Awards a way forward

Winners of this year’s Kullari NAIDOC Awards, all humble but highachieving individuals, hoped their achievements would spread messages of reconciliation and the potential in other indigenous people.

Person of the Year was awarded to Professor Lyn Henderson-Yates, deputy vice-chancellor of the University of Notre Dame and director of the Nulungu Centre for Indigenous Studies.

Prof. Henderson-Yates was Australia’s first indigenous vice- chancellor, appointed in 2009.

She was recognised for her vision of excellence in teaching, research and in valuing community-based indigenous knowledge, as well as the way her leadership, achievements and development of education and cultural immersion programs promoted reconciliation.

Josh Sibosado, a young advocate for prevention of youth suicide, both personally and through the Alive and Kicking Goals project, was awarded the Working with Youth Award, for representing hope in the community and showing courage in sharing his own story.

“I’ve suffered depression and been suicidal … now we’re doing our best to help fight this disease that’s killing everyone today,” he said as he accepted the award.

Father Matt Digges of the Broome Diocese accepted the Reconciliation Award, given for his dedication to the Kimberley’s youth, homeless and wider community.

In accepting the award, he spoke of how important it was for people wanting to work with the Kimberley communities to take the time to learn the language and culture of the people.

Sharon Davis, who is studying to pursue her dream of teaching in remote schools, won the Student of the Year Award.

She was the first indigenous student to receiving the Vice Chancellor’s Medal – School of Education for having achieved the highest results by an undergraduate student at any Notre Dame University.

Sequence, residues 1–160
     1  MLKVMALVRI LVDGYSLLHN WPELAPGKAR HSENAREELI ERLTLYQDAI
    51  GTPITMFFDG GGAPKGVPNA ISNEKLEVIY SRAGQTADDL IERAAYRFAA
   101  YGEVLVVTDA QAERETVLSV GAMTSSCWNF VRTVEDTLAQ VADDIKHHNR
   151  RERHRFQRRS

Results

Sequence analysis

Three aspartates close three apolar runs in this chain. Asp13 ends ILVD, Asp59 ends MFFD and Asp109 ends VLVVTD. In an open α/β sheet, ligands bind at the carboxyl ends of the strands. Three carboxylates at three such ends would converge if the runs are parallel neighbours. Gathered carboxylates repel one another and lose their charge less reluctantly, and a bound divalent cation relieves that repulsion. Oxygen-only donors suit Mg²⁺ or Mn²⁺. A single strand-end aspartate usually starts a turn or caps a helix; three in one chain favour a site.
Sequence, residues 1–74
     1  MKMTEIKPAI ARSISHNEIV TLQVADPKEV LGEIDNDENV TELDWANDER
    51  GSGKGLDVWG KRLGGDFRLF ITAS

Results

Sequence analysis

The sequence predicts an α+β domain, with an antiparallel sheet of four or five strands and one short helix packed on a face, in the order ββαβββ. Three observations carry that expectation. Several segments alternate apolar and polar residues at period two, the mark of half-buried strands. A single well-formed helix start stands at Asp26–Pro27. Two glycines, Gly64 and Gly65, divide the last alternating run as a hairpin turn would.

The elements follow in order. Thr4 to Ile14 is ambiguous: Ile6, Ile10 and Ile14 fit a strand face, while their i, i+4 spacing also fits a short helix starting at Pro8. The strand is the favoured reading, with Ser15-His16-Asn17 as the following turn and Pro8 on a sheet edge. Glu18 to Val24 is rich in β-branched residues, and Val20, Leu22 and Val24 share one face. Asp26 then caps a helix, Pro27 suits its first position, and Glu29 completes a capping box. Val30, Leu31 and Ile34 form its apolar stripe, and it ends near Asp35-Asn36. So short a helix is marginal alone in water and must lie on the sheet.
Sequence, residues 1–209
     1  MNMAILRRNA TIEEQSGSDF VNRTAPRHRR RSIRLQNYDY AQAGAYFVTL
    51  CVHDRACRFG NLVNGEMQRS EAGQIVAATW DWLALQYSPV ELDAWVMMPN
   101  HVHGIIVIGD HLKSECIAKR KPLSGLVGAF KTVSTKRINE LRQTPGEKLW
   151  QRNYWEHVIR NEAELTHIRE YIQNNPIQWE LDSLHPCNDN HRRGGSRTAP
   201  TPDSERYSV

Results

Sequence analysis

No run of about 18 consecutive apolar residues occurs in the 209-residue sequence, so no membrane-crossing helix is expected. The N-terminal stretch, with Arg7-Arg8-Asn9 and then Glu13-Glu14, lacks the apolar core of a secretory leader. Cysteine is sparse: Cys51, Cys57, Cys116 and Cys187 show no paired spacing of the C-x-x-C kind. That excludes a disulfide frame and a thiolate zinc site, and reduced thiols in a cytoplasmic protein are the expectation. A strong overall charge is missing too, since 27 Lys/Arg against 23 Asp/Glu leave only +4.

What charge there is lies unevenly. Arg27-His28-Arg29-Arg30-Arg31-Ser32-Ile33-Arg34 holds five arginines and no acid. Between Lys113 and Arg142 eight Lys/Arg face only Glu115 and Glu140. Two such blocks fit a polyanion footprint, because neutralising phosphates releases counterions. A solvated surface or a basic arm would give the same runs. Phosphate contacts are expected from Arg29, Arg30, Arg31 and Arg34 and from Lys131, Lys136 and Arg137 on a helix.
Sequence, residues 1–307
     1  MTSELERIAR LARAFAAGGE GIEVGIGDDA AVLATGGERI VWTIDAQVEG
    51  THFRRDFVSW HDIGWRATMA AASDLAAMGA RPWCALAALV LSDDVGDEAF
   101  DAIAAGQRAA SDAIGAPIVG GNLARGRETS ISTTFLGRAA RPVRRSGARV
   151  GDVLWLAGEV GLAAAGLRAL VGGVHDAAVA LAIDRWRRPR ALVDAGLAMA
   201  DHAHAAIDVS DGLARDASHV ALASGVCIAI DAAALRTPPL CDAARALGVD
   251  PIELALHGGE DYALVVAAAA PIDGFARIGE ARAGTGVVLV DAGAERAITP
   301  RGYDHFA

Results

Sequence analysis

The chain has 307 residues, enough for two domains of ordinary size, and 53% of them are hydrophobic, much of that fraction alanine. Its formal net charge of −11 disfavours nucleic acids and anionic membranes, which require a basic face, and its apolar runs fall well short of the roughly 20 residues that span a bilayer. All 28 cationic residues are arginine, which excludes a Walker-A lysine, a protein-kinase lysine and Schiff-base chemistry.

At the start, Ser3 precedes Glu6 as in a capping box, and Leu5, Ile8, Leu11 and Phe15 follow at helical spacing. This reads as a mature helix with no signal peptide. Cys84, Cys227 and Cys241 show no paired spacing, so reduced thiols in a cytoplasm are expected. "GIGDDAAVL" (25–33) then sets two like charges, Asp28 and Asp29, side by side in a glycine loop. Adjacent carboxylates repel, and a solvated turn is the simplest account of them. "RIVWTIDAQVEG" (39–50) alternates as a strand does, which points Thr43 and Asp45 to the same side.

Kullarri Patrol manager, BRAMS treasurer and councillor Peter Matsumoto won the Senior of the Year award for leadership and management skills which have earned him respect among young and old.

Youth of the Year was Tarnee Taylor, originally from Wyndham, who is an active member of Broome Girls Academy and a work experience student with Garnduwa Amboorny Wirnan.

Magabala Books chairperson Coco Yu won the Outstanding Contribution to the Arts Award for her role in securing multi-year funding for the local indigenous publisher, for her work at St Mary’s College and co-ordinating the Yawuru Language Program.

Broome Regional Aboriginal Medical Service committee member, student counsellor for St Mary’s and chair of the Aboriginal Legal Service, Rosie Sahanna-Pitt won the Contribution to Indigenous Affairs Award.

Apprentice and talented sportsperson Nathan Green of Looma won the Junior Male Sportperson of the Year, while Broome netballer and volunteer umpire Amber Hunter won Junior Female Sportsperson.

Cable Beach Primary School was awarded the Community Service Award for its strong community and cultural links.

Matthew Yanawana, a church leader, educator and native title partici-pant from Bidyadanga, won the Outstanding Contribution to the Community Award for being instrumental in getting indigenous children to attend the local school.

Young Leader of the Year was Aboriginal primary health care worker Mary Lane, who was the first Aboriginal nursing student to take a three-week block of clinical training in Northern Vietnam.

She is now the only Aboriginal nursing student at the University of Notre Dame in Broome.

Author and artist Brenton McKenna who has just published his first book, graphic novel Ubby’s Underdogs, won the Literary Award.

A leader in childcare for more than 20 years, Jody Blurton won the Excellence in Early Childhood Education Award.

Teacher of the Year Award was won by Bidydanga/La Grange primary teacher Simon Zuvich, while St Mary’s College Aboriginal Islander Education Officer Darren Puertollano won the AIEO of the Year Award.